Hearing the voices of the youth to build a better future
Nobel Prize laureates, experts in the fields of science and humanities as well as students gather to discuss crucial topics related to building a brighter future for the youth of today
“Let us make our future now, and let us make our dreams tomorrow’s reality,” education activist and 2014 Nobel Peace Prize laureate, Malala Yousafzai once said. To make a brighter future was exactly what brought Nobel Prize laureates, international experts, and students from all over the world to the Nobel Prize Dialogue in Singapore on 13 September 2022.
The Nobel Prize Dialogue was organised by the Nobel Prize Outreach and NUS Yong Loo Lin School of Medicine, in partnership with the Asian Medical Students’ Association (AMSA), Singapore to provide a platform for inter-generational dialogues to discuss and generate ideas around topics pertinent to ongoing global crises that concern today’s youths and how they impact their future.
“We're bringing together Nobel Prize laureates, students and many speakers from all the Asia Pacific region to discuss how we envision wellbeing for us all and how we can improve your lives,” said Ms Laura Sprechmann, Chief Executive Officer for Nobel Prize Outreach AB, Sweden.
The full-day programme was packed with panel discussions addressing the theme, “The Future We Want Together”. While the Nobel Prize Outreach has held similar events in the Asia-Pacific region, this is the first Nobel Prize Dialogue held in Southeast Asia.
Guest-of-Honour at the dialogue, Minister for Foreign Affairs Dr Vivian Balakrishnan, said in his speech that the Nobel Prize Dialogue is “an opportunity to share ideas, learn from one another, discover our common humanity, to look for global solutions to global problems. Find new networks for collaboration and expand your minds.”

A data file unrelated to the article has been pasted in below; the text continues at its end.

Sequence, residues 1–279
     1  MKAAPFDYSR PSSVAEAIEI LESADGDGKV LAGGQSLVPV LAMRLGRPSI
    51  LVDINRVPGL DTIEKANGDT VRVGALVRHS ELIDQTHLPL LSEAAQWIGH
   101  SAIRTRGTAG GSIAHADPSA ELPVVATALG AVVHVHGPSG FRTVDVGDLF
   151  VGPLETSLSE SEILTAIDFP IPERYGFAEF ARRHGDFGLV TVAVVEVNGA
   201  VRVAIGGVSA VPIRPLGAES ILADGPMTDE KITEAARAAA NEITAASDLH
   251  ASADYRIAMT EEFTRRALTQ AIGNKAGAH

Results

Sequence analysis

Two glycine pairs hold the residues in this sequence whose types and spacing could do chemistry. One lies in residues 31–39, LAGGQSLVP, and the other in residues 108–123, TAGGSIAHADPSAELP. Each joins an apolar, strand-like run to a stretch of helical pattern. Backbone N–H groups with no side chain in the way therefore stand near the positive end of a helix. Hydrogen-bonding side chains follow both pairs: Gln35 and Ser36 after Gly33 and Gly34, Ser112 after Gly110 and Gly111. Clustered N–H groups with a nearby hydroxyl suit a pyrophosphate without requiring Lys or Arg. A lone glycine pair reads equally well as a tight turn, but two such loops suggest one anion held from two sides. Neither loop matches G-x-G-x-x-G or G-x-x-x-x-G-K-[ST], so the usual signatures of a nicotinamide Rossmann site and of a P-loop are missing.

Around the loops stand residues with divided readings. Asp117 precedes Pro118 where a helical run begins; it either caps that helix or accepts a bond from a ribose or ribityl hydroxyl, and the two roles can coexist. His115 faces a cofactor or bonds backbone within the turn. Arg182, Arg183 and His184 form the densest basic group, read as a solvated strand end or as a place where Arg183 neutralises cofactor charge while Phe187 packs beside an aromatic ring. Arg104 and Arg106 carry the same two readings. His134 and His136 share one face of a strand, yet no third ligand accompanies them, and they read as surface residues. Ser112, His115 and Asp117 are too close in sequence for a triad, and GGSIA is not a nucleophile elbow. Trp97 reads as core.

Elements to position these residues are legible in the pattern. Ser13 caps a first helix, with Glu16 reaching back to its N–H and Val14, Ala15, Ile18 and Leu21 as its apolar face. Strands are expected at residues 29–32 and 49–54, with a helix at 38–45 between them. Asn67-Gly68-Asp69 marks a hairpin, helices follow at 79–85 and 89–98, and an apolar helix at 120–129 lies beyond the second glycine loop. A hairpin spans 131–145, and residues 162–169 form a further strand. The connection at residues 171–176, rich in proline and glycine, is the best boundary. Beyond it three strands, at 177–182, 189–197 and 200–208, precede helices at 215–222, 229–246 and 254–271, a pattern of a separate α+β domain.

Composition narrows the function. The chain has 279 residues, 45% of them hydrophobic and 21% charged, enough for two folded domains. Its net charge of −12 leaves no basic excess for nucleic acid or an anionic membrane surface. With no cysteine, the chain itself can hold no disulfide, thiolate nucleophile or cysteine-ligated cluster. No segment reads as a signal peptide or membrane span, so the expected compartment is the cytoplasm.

Ms Zhu Yiming, a second-year Medical student at the NUS Yong Loo Lin School of Medicine and President-Elect for AMSA, Singapore who delivered opening remarks at the dialogue expressed how this was an opportunity “to start a precedent where youths can have greater agency in driving our future with fresh perspectives.”
Projecting the voices of the youth
Professor Chong Yap Seng, Dean of the NUS Yong Loo Lin School of Medicine, shared in his opening speech how the youths of today are looking for a future that is “sustainable, where mental health and wellbeing are prioritised – a future that is full of possibilities.”
Climate change, health, education, happiness, as well as economic and digital wellbeing were some topics discussed during the panel sessions at the Nobel Prize Dialogue.
Virtual sessions were held prior to the dialogue where students got to interact and pose questions to Nobel Prize laureates as to what makes them apprehensive about their future. Contributing to these virtual sessions were Nobel Prize laureates, Professor Steve Chu (Physics, 1997), Professor Sir Angus Deaton (Economic Sciences, 2015), Professor Esther Duflo (Economic Sciences, 2019), Professor May-Britt Moser (Medicine, 2014), and Professor Paul Romer (Economic Sciences, 2018).
Questions posed by students during the virtual sessions were put forward for Nobel Prize laureates, international experts and students to engage in inter-generational discussions at the dialogue sessions held on 13 September.